The risk of infection is high when the perineum is involved, since the skin is burned and can no longer protect the area from contamination from airborne bacteria.14
Burns, irrespective of their degree and extent, are more dangerous in children under 2 yr old and in the elderly. In children, the immune system is not mature enough to withstand such a complex situation, and the weakened organism of the elderly is also unable to handle the burn effectively.
Burns are very common in children and the elderly - children are often attracted by dangerous objects (matches, electric devices, chemical substances, lighters) in their ignorance of the possibly dangerous consequences, while the elderly may not be able to react effectively to an accident involving fire.5
Diabetes mellitus, heart disease, pneumonia, immunosuppression, cancer, and various other illnesses make the human organism less resistant to burns.
An injury to the respiratory system may be life-threatening. Injuries caused by inhalation of smoke are dangerous owing to the pernicious impact that combustion products have on the mucous membrane as also to the absorption of poisonous substances inhaled together with smoke by the mucous membrane. The most frequent form of poisoning involves carbon monoxide, which is a product of incomplete combustion.15,16
A burn creates a very serious problem for the human organism. When the burn is associated with other injuries occurring at the time of the accident or before the patient is taken to hospital, it becomes more serious and even life-threatening.
The complications and sequelae of burns depend on their gravity. Complications involving all systems of the body may develop.17 The most serious complications are the following:1,5
It has already been said that a severe problem facing the patient is the loss of fluids from the burned area. The more extensive the burn, the larger the quantity of fluids lost.
Since the continuity of the skin in the burned area has been destroyed, the burned area is more liable to contamination from airborne bacteria. This infection can easily turn into septicaemia, as the organism is already affected by a serious burn injury and is incapable of effective resistance.
The immediate danger after a burn injury is shock as a result of the loss of body fluids (oligaemic shock) or of septicaemia (septic shock). The acute pain due to the burn is one of the causes of shock.
The wrinkles and scars that form as the burn heals generate various aesthetic problems.
When the wrinkles and scars affect mobility and/or limit the patient’s movements, the burn is responsible for functional problems or disabilities.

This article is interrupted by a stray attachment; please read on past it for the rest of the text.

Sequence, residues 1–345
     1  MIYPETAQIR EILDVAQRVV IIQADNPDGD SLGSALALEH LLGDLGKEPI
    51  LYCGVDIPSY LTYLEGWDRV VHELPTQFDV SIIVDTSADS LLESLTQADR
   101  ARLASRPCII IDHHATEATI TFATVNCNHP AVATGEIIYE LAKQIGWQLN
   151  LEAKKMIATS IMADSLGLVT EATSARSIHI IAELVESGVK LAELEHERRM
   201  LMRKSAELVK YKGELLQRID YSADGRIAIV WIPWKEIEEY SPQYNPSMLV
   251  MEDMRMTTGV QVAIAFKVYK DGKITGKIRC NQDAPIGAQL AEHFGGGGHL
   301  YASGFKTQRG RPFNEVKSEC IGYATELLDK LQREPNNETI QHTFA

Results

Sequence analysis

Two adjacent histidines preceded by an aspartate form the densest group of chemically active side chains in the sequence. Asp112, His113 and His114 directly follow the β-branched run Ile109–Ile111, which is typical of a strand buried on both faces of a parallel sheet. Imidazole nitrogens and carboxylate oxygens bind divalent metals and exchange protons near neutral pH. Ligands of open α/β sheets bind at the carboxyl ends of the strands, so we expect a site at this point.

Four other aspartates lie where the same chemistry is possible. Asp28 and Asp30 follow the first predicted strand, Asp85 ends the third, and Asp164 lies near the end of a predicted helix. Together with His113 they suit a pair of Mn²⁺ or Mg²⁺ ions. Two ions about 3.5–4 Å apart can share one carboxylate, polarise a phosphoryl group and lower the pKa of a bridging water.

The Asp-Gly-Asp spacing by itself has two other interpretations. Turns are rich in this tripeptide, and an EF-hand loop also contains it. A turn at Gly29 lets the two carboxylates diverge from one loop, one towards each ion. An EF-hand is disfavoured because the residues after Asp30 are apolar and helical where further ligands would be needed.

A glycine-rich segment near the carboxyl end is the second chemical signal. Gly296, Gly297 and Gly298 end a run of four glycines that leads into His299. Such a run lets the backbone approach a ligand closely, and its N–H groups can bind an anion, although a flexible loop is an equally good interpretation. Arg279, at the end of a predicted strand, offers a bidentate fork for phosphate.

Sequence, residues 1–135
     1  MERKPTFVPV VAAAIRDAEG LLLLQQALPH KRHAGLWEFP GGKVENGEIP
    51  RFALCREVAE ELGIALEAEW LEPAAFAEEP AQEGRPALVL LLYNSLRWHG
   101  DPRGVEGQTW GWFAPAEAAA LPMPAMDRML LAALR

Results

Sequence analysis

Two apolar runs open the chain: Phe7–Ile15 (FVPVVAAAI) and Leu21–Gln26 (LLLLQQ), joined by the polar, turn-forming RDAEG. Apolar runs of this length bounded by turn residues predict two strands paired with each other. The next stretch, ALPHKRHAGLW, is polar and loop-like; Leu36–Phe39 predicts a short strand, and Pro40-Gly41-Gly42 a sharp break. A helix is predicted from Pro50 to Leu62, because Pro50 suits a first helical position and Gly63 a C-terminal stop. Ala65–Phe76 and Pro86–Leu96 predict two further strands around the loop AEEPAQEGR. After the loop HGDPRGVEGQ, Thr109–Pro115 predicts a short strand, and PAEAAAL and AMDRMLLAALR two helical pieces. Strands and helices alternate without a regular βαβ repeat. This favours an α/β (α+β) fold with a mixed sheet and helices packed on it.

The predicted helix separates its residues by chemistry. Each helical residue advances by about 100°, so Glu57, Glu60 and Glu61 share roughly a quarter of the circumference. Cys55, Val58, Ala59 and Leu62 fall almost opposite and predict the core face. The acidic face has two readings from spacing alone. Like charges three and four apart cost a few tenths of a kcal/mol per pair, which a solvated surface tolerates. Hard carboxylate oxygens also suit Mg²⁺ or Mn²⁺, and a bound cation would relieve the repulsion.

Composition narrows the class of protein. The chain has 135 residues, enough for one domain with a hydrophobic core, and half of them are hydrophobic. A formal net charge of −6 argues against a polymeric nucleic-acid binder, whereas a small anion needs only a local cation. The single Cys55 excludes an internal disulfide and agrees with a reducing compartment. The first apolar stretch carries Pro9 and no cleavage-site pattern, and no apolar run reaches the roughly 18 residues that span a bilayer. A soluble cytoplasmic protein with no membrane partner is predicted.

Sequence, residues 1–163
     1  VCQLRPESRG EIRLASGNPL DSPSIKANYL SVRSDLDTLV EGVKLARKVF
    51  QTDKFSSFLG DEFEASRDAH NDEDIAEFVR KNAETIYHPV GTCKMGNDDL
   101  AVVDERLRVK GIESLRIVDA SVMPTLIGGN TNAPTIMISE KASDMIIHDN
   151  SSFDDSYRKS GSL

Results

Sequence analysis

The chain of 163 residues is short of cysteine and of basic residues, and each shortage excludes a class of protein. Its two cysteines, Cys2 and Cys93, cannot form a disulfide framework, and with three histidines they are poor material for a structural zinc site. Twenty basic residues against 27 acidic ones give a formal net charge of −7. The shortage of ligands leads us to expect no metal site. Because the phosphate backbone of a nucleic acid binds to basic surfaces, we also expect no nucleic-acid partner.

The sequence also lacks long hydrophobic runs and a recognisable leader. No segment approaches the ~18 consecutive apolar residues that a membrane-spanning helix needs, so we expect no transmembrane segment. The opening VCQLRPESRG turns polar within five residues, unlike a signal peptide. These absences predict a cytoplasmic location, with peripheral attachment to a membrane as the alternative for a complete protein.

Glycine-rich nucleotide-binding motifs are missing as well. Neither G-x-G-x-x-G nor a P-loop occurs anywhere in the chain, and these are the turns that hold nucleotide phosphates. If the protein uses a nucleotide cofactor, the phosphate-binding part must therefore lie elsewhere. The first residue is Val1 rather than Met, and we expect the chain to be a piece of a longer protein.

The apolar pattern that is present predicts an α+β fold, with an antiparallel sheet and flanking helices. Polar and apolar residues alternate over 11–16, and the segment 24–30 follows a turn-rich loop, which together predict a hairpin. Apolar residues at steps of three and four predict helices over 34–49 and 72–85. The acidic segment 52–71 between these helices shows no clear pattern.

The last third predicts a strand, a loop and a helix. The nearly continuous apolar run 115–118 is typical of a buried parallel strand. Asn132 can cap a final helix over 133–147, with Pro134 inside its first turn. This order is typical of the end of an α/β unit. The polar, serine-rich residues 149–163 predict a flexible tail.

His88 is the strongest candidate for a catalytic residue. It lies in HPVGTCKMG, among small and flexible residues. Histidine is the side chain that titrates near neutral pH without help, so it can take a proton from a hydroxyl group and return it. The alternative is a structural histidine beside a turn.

A burn is an injury that in most cases leaves no disability, provided it is properly treated. On the contrary, if treated inadequately or not following standard rules and principles, a burn can seriously threaten not only the patient’s life but also his or her rehabilitation in society and at work because of malformations and disabilities.18
There are two ways of treating a burn patient. The first way is to provide first-aid treatment on the spot, i.e. where the accident took place, and to transfer the burn patient to hospital only if the burn is extensive. The second way is to move the patient to a specialist burns centre immediately in order to treat the burn injury systemically and topically, given the availability of the necessary equipment and specialist knowledge.19,20
The treatment of burns caused by heat or electricity starts with the application of cold water in order to cool destroyed tissues and to minimize damage to them.9,21,22
This treatment is not administered in extensive or third-degree burns, as cold water may aggravate the state of shock.
The respiratory passages must be checked to ensure that the patient is properly oxygenated. Close observation of the victim can prevent suffocation.25,26
A vein chosen for intravenous fluid replacement should be able to accept large quantities of fluids (15-20 l per 24 h in extensive burns). The drip inserted into the vein should not pass through the affected area; it is recommended that it should be placed in the neck (subclavicle), in the arm, or in the crural vein, in order to avoid thrombophlebitis.
Pulse, arterial pressure, temperature, and respiration frequency (danger of dyspnoea) should be carefully recorded in order to evaluate the patient’s general state.
The patient’s name and age are recorded, as well as the causes of the burn, including the conditions in which the accident took place, so that the patient can be properly treated. It is of the utmost importance for the physician to know if the patient is suffering from any disease (nephropathy, allergy, heart disease, diabetes mellitus), if first-aid treatment was given, and if the patient takes drugs, has ever suffered from allergies caused by a drug, or has suffered any other injury apart from the burn (e.g. a fracture).
It is necessary to know the quantity and the specific gravity of the urine excreted by the patient.
In modern practice, the rhinogastric tube is placed as soon as the patient is admitted to hospital in order to allow proper feeding. In the past, it was placed in order to divert gastric fluids.
To evaluate the quantity of the burned surface, all burned areas are added together, irrespective of their depth.